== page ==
Time is running out to make peace with Israel, Palestinian Authority President Mahmoud Abbas told the United Nations General Assembly on Friday, in a speech which hit all the points that Abbas was expected to mention.
After making brief references to climate change, global warning, and the global financial crisis, Abbas took the UN to task for a "lack of commitment to the charter of this organization, and the extent to which resolutions are implemented." He said that UN archives contained "not dozens, but hundreds of resolutions which have not been implemented," documenting the "suffering of the Palestinian people... to which the UN is a living witness."
Abbas went on to blame "Israel's colonial occupation" for stalling a peace agreement between Israel and the Palestinian people, specifically Israeli settlement policy in east Jerusalem and the West Bank security barrier, which he repeatedly referred to as the "apartheid wall."
The PA president bemoaned "holy Jerusalem" becoming "completely isolated from its surroundings due to what he termed an "escalation" in settlement construction.
Abbas expressed "deep appreciation" for US President Barack Obama's address to the UN two days earlier, which he said had "given much hope to our people." Regardless, he said, "Time is running out, and the risks are becoming greater," as the Palestinian people suffer "under the last occupation regime in the world."
In an interview with the London-based Al-Hayat newspaper published Thursday, meanwhile, Abbas said that the Palestinians cannot return to peace talks at this time because of "fundamental disagreements" with Israel on what should be on the agenda.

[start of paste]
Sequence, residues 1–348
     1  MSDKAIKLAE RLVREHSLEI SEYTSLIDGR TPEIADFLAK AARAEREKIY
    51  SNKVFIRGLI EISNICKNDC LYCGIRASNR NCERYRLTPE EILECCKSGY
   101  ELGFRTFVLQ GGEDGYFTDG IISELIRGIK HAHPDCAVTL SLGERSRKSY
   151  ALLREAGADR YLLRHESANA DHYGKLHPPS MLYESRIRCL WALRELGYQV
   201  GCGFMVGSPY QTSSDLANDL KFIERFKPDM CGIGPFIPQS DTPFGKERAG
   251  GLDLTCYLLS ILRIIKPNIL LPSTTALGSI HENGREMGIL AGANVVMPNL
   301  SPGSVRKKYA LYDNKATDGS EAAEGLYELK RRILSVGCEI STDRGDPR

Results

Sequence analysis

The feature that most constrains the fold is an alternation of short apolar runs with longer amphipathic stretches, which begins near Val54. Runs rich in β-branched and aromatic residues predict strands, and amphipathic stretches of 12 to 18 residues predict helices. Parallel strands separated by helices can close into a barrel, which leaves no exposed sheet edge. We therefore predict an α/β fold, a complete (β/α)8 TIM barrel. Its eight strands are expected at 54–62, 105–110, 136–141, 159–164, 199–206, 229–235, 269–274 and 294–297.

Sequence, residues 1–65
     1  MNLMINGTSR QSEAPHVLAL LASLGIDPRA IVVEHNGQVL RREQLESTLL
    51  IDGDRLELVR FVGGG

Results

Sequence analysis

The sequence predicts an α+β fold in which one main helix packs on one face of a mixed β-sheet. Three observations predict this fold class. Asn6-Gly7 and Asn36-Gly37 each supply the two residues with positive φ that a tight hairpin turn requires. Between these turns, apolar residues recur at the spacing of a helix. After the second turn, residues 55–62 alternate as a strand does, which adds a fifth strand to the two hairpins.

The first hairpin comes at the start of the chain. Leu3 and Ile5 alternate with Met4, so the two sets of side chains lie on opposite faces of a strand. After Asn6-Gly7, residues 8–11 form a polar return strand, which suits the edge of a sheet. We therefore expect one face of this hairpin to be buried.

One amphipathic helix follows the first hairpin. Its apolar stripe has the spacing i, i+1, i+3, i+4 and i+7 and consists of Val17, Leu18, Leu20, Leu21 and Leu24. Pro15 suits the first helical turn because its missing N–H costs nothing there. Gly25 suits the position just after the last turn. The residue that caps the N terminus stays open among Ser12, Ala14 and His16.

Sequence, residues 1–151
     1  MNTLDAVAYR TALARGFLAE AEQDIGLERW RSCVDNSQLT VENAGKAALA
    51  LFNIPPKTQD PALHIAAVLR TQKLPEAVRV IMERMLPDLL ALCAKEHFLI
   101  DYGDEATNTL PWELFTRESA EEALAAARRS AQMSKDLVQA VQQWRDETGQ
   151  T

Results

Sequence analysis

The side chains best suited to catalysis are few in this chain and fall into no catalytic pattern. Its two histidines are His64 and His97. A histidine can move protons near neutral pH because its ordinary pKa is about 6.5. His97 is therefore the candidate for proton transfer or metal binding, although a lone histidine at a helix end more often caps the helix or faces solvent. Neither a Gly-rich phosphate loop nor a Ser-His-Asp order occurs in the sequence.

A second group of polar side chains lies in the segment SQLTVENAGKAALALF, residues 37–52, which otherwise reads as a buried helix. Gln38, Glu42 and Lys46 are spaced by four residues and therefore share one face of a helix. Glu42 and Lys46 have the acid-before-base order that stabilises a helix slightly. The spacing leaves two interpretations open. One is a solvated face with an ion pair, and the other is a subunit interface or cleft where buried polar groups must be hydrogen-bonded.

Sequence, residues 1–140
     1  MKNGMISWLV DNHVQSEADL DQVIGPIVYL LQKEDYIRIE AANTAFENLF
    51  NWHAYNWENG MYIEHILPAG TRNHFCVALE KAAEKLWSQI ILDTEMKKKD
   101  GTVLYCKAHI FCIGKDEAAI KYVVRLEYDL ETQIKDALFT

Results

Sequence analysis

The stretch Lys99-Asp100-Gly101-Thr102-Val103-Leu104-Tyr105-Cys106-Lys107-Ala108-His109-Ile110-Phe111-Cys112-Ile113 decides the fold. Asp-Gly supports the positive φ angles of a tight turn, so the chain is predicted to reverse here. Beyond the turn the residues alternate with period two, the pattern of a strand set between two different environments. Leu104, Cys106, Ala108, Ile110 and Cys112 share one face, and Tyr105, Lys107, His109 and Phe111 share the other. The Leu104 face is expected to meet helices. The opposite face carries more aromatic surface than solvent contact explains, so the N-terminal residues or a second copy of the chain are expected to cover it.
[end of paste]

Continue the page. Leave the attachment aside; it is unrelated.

Abbas rebuffed an appeal by Obama that both sides get back to the table promptly.
The PA president said he wants to avoid a crisis with the Obama administration at any cost and emphasized that dialogue was the only way to close the gaps and resume negotiations. But he said that for now "there is no common ground" with Prime Minister Binyamin Netanyahu.
"In all honesty, we want to protect our relations with President Obama under any conditions," he told Al-Hayat. "We don't want to come out with a crisis with the Americans, or create a crisis. But in the meantime, we can't go on unless there is a clear path. The road must be defined so we can know where we are going."
However, Abbas said he is willing to try to close the gaps, saying, "We don't have any other options except to talk, so long as our position is clear."